Shares in Norwegian Air surged over 20% today after it said China's CCB Leasing would come in as a joint owner of 27 Airbus aircraft it has on order to help cut debt and reported earnings above expectations.
The carrier has shaken up the long-haul market with cut-price transatlantic fares.
It also today announced a two-year plan of fresh cost cuts and capacity reductions to help earnings, after its rapid expansion had led to hefty losses.
The cash-strapped carrier has for months said it aimed to find a partner to help take ownership of the Airbus fleet, allowing Norwegian to cut its debt and increase its equity.
CCB Leasing Corp, a wholly owned subsidiary of China Construction Bank Corp, will own 70% of the venture, with the rest held by Norwegian Air's Arctic Aviation.
The venture will purchase an initial 27 Airbus A320 NEO aircraft from Arctic to be delivered from 2020 to 2023.
"This agreement will contribute significantly to reducing our current and future capital expenditure," acting Norwegian Air CEO Geir Karlsen said in a statement.
The company said the venture would reduce Norwegian's capital expenditure by about $1.5 billion, based on the 27 aircraft on order.
Net profit for the third-quarter came in at 1.67 billion crowns ($183m), beating the average analyst forecast in a Refinitiv poll for a profit of 1.47 billion crowns and up from a profit of 1.30 billion crowns a year ago.
Norwegian's shares rose 23% in early trade to a three-month high of 44.28 Norwegian crowns.
"This company is pulling out all the stops to get better," analysts at Bernstein wrote in a research note, adding that Norwegian should profit from each aircraft sold to the venture.
"With a potential gain of up to $10 million per aircraft, it could remove some of the pressure on the equity covenant," they wrote.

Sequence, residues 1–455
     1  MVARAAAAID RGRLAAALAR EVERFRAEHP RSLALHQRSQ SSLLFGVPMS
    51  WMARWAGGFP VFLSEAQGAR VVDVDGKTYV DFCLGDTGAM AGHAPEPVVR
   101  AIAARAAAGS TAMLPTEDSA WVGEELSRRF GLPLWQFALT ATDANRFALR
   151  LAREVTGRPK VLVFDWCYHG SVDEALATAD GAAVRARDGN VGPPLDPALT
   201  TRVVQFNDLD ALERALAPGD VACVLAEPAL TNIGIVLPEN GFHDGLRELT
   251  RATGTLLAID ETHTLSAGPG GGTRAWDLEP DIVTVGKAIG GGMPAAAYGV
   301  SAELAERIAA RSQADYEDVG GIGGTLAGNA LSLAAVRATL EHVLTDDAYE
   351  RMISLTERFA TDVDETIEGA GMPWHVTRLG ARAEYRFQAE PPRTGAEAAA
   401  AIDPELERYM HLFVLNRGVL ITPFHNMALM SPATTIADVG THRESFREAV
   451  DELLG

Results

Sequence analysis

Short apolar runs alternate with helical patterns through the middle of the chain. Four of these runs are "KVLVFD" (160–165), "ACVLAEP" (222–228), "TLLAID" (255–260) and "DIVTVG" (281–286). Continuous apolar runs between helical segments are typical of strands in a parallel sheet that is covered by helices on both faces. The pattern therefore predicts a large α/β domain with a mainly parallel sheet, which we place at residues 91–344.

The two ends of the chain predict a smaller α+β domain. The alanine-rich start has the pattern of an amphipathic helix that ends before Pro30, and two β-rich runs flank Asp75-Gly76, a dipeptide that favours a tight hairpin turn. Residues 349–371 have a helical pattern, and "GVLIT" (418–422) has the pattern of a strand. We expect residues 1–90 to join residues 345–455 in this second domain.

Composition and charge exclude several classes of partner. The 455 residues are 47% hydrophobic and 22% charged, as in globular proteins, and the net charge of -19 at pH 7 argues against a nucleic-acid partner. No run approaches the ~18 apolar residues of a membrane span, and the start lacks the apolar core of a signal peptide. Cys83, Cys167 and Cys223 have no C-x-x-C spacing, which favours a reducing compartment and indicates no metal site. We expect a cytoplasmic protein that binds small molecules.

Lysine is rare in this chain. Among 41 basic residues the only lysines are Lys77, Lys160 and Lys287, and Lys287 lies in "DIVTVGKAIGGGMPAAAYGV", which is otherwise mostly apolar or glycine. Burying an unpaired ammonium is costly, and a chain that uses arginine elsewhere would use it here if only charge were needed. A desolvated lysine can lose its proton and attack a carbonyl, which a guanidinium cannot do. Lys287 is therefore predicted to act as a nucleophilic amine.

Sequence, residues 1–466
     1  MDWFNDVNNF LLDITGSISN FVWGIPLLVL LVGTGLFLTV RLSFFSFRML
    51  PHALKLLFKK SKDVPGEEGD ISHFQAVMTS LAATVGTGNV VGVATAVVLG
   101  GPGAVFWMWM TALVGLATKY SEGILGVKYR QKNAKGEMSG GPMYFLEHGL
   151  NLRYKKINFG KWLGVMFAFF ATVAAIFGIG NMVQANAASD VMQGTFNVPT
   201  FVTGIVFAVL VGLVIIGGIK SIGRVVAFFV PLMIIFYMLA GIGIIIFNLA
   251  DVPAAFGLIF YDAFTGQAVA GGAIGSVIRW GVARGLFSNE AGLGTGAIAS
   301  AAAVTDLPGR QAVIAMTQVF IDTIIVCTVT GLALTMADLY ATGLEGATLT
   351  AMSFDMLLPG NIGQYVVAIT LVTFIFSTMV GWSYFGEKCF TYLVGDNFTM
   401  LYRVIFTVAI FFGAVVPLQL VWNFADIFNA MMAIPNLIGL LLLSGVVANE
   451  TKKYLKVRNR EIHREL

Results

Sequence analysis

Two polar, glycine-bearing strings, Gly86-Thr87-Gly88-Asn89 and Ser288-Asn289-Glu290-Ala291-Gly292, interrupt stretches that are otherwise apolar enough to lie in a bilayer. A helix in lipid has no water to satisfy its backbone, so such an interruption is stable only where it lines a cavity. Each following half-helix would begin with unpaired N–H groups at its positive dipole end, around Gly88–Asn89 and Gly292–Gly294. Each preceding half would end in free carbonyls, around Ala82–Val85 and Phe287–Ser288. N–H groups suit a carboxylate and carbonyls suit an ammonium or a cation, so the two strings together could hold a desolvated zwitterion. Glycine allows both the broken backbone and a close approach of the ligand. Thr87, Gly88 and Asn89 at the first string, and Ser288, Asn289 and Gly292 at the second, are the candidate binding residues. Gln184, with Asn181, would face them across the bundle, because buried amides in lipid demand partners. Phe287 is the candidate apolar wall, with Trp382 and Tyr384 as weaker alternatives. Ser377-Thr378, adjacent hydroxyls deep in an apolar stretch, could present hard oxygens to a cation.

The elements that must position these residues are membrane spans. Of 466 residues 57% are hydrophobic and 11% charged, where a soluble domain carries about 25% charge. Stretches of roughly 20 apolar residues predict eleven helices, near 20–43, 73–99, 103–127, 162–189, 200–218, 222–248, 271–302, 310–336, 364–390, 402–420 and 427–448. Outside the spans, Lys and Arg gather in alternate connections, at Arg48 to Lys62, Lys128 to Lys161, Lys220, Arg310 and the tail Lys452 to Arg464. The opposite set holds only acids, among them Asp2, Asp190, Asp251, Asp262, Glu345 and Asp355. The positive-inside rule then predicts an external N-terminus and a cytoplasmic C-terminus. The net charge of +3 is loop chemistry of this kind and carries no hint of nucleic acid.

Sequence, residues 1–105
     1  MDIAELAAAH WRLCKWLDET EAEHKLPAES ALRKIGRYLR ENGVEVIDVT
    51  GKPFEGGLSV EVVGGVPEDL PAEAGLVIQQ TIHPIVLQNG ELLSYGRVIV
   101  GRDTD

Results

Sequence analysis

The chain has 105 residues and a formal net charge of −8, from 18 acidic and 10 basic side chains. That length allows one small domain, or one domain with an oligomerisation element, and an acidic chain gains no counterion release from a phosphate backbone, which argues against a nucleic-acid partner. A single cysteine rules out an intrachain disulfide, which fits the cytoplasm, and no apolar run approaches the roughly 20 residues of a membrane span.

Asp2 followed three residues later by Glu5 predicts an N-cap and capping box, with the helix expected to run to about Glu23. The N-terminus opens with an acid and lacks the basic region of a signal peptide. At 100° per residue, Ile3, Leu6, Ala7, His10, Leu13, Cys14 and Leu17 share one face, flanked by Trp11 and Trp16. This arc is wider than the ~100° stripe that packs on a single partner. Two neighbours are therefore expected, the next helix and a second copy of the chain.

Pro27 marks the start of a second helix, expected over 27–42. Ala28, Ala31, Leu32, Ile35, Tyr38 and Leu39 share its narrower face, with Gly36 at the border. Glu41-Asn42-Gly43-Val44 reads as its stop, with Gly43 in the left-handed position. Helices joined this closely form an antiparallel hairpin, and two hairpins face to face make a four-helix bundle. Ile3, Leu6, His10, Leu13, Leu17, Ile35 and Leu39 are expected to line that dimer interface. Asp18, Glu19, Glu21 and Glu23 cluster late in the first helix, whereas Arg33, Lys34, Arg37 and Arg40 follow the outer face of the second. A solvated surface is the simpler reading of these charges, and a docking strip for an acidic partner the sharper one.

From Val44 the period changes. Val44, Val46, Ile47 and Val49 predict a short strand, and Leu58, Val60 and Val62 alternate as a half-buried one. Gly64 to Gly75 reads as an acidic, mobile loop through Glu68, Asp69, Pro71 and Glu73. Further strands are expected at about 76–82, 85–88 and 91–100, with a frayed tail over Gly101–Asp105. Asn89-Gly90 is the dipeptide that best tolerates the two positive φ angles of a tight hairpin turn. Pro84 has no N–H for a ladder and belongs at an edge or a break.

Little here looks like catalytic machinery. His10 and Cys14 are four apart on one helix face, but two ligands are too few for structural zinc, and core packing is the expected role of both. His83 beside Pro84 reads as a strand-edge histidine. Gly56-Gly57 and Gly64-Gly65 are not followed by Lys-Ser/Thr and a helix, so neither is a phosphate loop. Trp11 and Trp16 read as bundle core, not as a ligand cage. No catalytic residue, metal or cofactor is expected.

Norwegian cut its 2019 capital expenditure guidance by $200m this year to $1 billion, while raising it by $100m to $1.4 billion for next year.
Norwegian, which was forced to raise cash from shareholders and postpone debt payments this year, has switched in 2019 to prioritising profits over growth.
It said its 2019 cost cuts would save 2.3 billion crowns, more than its original 2 billion crowns target.
It also narrowed its 2019 guidance for earnings before interest, taxes, depreciation, amortisation, and restructuring (EBITDAR), excluding other losses or gains, to 6.1 billion-6.5 billion crowns from billion-7 billion crowns.
In its new plan of cost cuts, Norwegian said it aimed to improve its annual EBITDAR run-rate by another 4 billion crowns by the end of 2021.
The airline expects a offer 10% less capacity, known as available seat kilometres (ASK), as it cuts unprofitable routes.
Norwegian abandoned a target this year of turning profitable in 2019, after the grounding of Boeing 737 MAX aircraft and technical problems with Rolls Royce engines on Boeing 787s.
Bondholders in September accepted Norwegian's request to postpone repayment of $380m by up to two years, providing some financial relief.